Monday, January 25, 2010

2 Timothy 1:8-14

V8-14 – 8So do not be ashamed to testify about our Lord, or ashamed of me His prisoner. But join with me in suffering for the gospel, by the power of God, 9who has saved us and called us to a holy life – not because of anything we have done but because of His own purpose and grace. This grace was given us in Christ Jesus before the beginning of time, 10but it has now been revealed through the appearing of our Savior, Christ Jesus, who has destroyed death and has brought life and immortality to light through the gospel. 11And of this gospel I was appointed a herald and an apostle and a teacher. 12That is why I am suffering as I am. Yet I am not ashamed, because I know whom I have believed, and am convinced that He is able to guard what I have entrusted to Him for that day. 13What you heard from me, keep as the pattern of sound teaching, with faith and love in Christ Jesus. 14Guard the good deposit that was entrusted to you – guard it with the help of the Holy Spirit who lives in us.

This entire passage is the body of the letter (v8-14 is one sentence in Greek), including an exhortation to boldness and faithfulness. Timothy should “not be ashamed to testify about our Lord” (Acts 1:8), because he has been given “a spirit of power, of love and of self-discipline” (v7). The mention of Paul as a prisoner of God in v8 is meant to encourage Timothy to boldness, for many times did Paul urge his followers to model him in ministry and Christian living. To be a prisoner of God and for God is the height of Christian living, because such a position eliminates both selfishness and fear. Paul was not ashamed, and he was proud of being unashamed, as he should have been. And Jesus tells us not to be ashamed of Him, lest He be ashamed of us on Judgment Day (Matthew 10:33). Those called to be preachers must preach the Good News regardless of cost or consequences. Paul urges Timothy to join him “in suffering for the gospel, by the power of God.” Being united to Christ in suffering is a blessing, because it means that we are united to Him in death and life eternal!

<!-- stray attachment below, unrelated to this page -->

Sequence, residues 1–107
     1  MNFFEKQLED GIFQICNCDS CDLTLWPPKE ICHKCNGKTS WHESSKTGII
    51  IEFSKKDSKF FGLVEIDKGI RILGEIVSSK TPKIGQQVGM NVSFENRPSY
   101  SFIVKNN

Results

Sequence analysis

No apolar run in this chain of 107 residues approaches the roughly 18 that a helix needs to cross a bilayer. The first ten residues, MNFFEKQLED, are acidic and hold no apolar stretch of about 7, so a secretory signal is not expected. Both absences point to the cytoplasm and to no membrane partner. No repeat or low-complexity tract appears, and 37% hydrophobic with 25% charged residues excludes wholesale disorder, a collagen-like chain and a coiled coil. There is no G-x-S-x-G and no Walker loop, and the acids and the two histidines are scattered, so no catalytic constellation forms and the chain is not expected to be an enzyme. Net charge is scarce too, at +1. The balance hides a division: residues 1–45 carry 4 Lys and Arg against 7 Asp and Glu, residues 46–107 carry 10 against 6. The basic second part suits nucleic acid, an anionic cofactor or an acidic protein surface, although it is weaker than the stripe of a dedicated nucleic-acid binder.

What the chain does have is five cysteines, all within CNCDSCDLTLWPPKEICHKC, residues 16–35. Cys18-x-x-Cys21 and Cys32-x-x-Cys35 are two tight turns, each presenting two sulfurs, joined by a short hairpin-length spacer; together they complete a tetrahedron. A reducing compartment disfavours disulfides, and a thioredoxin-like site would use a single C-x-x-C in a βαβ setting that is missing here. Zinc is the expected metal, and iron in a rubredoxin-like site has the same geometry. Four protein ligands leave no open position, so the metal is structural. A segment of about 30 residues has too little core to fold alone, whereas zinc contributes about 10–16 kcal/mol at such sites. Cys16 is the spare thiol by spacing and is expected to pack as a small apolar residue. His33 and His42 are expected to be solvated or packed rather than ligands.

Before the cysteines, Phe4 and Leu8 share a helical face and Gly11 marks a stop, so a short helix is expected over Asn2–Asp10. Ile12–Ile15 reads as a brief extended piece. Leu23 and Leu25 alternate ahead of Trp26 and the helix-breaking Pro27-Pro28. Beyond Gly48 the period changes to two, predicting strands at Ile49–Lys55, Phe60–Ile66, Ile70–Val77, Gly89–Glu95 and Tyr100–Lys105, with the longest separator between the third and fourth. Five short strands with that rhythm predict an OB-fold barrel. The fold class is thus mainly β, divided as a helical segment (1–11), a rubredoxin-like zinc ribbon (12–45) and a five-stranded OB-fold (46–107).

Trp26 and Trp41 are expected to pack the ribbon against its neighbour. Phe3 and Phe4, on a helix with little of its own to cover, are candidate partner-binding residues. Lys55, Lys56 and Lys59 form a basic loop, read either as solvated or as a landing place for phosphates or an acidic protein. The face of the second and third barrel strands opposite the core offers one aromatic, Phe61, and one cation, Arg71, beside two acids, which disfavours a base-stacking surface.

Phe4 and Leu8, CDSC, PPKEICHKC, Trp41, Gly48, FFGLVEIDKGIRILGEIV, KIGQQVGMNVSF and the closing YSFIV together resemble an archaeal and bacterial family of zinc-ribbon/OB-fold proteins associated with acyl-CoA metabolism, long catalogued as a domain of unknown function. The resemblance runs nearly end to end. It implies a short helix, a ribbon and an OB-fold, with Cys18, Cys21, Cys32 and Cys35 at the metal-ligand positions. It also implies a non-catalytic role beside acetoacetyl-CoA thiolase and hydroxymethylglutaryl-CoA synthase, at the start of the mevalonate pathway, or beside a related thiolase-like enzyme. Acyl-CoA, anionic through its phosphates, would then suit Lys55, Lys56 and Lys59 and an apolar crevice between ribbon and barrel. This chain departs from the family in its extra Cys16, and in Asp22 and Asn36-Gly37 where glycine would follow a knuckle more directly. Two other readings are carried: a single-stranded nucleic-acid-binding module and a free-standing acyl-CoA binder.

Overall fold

V9 is an important doctrinal reminder to Timothy from the pen of Paul. God’s action of saving an individual includes the calling to service and holy living. Paul’s teaching here recalls the covenant language of the Old Testament; Paul sees New Testament believers as equivalent, a continuation of the Old Testament faithful (Israel). God elects certain sinners (those who in time become believers) for glorification through sanctification, which in turn comes through justification (Romans 8:28-30). This election is “not because of anything we have done but because of His own [gracious] purpose.” Many ask about this purpose, and we conclude that His purpose is “mercy” (Titus 3:5; Romans 9:14-24) and love (Ephesians 1:4-5). This gracious election and calling was given to us in Christ “before the beginning of time” (Titus 1:2; Ephesians 1:4; 1 Peter 1:20; Revelation 13:8). In other words, the Gospel of Jesus Christ is not an afterthought; we were predestined to holiness (set apart), to be conformed to God’s image (Genesis 1:26-27), the image of Christ. 1 Timothy 1:9 serves as an echo of Romans 8:29, which says, “For those God foreknew He also predestined to be conformed to the likeness of His Son.”